To Bake or Not To Bake? That Is The Question

Time is running out and help is needed to find the perfect Christmas Cake

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My mother in law used to make the best Christmas Cake I have ever tasted. She would begin baking it in November and by 25th December produce an amazingly moist, deliciously fruity and wickedly rich indulgent delight of a cake.

When we lived abroad, she would make an extra one to send out to us although how she got it through U.A.E. customs with the amount of brandy she put in it remains a mystery to this day.

Sadly she is longer able for spending hours in the kitchen so last year I resorted to buying a cake and, I am ashamed to say, lied about baking it myself. It cost an absolute fortune - what is it with the price of cakes these days?! - and didn't come even close to hers.

So this year I set about searching for a recipe that would make her proud. I dug out my Constance Spry Cookbook but didn't fancy the fuss of her version. Mrs Beeton's made me smile although I hardly understood a word of it and Delia's proved a task too far. So I threw in the kitchen towel and decided to revert to the bought variety.

In return for sharing with you a little seasonal history, I wondered if readers would be so kind as to recommend the best place to buy a Christmas Cake? Or if you believe buying a cake is sacrilege and have a quick, easy and, most importantly, foolproof recipe for one you would be happy to share with West London, it would be truly welcomed.

For those who find themselves in the same predicament as me, I will share the findings in next week's newsletter. Either buying or baking, please email Emma Brophy via

History of The Christmas Cake

Christmas cake is an English tradition that began as plum porridge. People ate the porridge on Christmas Eve, using it to line their stomachs after a day of fasting. Soon dried fruit, spices and honey were added to the porridge mixture, and eventually it turned into Christmas pudding.
In the 16th century, oatmeal was removed from the original recipe, and butter, wheat flour and eggs were added. These ingredients helped hold the mixture together and in what resulted in a boiled plum cake.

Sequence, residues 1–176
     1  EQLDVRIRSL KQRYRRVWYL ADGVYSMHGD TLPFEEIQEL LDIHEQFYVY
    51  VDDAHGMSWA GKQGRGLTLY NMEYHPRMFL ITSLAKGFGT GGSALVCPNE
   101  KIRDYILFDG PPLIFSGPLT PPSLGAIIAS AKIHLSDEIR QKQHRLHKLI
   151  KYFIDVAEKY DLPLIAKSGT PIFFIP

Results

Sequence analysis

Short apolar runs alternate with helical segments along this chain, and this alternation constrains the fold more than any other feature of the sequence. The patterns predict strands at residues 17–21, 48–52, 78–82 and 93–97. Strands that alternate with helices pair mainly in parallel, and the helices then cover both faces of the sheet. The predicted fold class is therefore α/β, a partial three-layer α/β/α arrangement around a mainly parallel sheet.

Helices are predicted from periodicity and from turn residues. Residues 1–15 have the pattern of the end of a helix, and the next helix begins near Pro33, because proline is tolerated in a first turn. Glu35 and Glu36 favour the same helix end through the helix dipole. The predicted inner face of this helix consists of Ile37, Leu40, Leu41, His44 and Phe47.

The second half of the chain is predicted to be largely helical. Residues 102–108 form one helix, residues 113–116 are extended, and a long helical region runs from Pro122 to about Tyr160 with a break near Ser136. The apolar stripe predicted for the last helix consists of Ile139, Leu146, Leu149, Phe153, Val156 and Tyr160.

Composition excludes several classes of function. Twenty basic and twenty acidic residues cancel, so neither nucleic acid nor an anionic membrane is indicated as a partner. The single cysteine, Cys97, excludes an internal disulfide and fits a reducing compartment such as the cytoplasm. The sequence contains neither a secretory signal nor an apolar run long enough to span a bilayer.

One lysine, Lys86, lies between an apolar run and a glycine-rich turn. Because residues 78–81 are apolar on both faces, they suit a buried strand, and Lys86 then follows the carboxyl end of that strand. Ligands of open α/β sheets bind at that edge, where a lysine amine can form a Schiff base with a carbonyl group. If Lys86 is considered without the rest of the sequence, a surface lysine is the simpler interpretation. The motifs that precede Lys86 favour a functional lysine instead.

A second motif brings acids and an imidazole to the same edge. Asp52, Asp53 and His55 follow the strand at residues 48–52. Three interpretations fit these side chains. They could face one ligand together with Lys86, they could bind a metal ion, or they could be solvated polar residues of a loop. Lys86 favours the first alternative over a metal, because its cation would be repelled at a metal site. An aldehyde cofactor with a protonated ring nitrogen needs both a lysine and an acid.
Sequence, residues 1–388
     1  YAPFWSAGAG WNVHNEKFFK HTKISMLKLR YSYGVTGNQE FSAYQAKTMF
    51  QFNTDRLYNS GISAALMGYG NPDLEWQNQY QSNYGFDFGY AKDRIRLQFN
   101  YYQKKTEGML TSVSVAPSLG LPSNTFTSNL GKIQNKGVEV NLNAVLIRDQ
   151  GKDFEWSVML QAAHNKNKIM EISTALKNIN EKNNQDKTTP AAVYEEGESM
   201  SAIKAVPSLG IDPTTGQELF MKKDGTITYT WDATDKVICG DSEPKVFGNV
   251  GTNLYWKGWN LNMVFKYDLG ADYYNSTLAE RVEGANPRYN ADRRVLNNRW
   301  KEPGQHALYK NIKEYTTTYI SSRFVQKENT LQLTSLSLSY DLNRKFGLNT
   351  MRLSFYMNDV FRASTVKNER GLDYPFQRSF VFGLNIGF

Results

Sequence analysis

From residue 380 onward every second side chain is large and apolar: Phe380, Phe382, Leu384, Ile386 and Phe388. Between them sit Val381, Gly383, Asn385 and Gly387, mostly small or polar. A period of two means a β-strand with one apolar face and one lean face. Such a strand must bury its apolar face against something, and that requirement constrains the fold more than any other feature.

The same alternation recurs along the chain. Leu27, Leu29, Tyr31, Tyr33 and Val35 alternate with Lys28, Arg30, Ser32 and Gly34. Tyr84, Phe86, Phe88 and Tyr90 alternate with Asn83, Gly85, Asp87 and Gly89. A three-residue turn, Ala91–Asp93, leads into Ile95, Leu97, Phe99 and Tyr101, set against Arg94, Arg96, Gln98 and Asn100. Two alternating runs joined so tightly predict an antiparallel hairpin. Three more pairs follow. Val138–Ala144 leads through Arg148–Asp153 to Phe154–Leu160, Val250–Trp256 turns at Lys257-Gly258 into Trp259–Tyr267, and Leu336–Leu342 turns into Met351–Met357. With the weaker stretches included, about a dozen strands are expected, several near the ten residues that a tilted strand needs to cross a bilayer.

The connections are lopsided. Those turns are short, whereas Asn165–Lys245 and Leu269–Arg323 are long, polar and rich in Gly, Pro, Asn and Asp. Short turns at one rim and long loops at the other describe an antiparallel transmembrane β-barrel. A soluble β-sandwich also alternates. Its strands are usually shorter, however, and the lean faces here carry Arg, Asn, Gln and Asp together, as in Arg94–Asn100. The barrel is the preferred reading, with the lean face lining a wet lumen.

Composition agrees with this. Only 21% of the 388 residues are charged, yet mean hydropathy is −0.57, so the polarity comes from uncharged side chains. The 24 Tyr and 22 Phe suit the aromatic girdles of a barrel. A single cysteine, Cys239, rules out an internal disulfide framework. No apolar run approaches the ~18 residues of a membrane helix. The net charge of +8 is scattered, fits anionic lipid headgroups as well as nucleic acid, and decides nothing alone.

Richer families that had ovens began making fruit cakes with marzipan, an almond sugar paste, for Easter. For Christmas, they made a similar cake using seasonal dried fruit and spices. The spices represented the exotic eastern spices brought by the Wise Men. This cake became known as "Christmas cake."

An earlier version, known as the twelfth cake, dates back to the 4th Century and possibly before. The "Twelfth night", occurring on the 5th January and concluding the "Twelve Days of Christmas", was the first sign of this tradition, with the cutting of the "twelfth cake" on this occasion. The twelfth night was the last day of the Christmas celebrations and became known as an appropriate occasion on which to carry out good luck rituals and games (linked to the countryside and farming), and religious processions. Morris dancing in the streets and practical jokes were popular at this last opportunity for a bit of merrymaking.

In 1668, diarist Samuel Pepys wrote of his household's festivities, and serving his guests "an excellent cake which cost me near twenty shillings, of our Jane's making, which was cut into twenty pieces, there being by that time so many of our company".

The custom was to conceal a bean and a pea in the cake which was divided up so one of the men got the bean and one of the women the pea. They then became king and queen for the rest of the evening and ruled over the celebrations until midnight when the fun and frivolity ended. Over time, the bean became a silver sixpence, which was cooked in the Christmas pudding.

December 8, 2010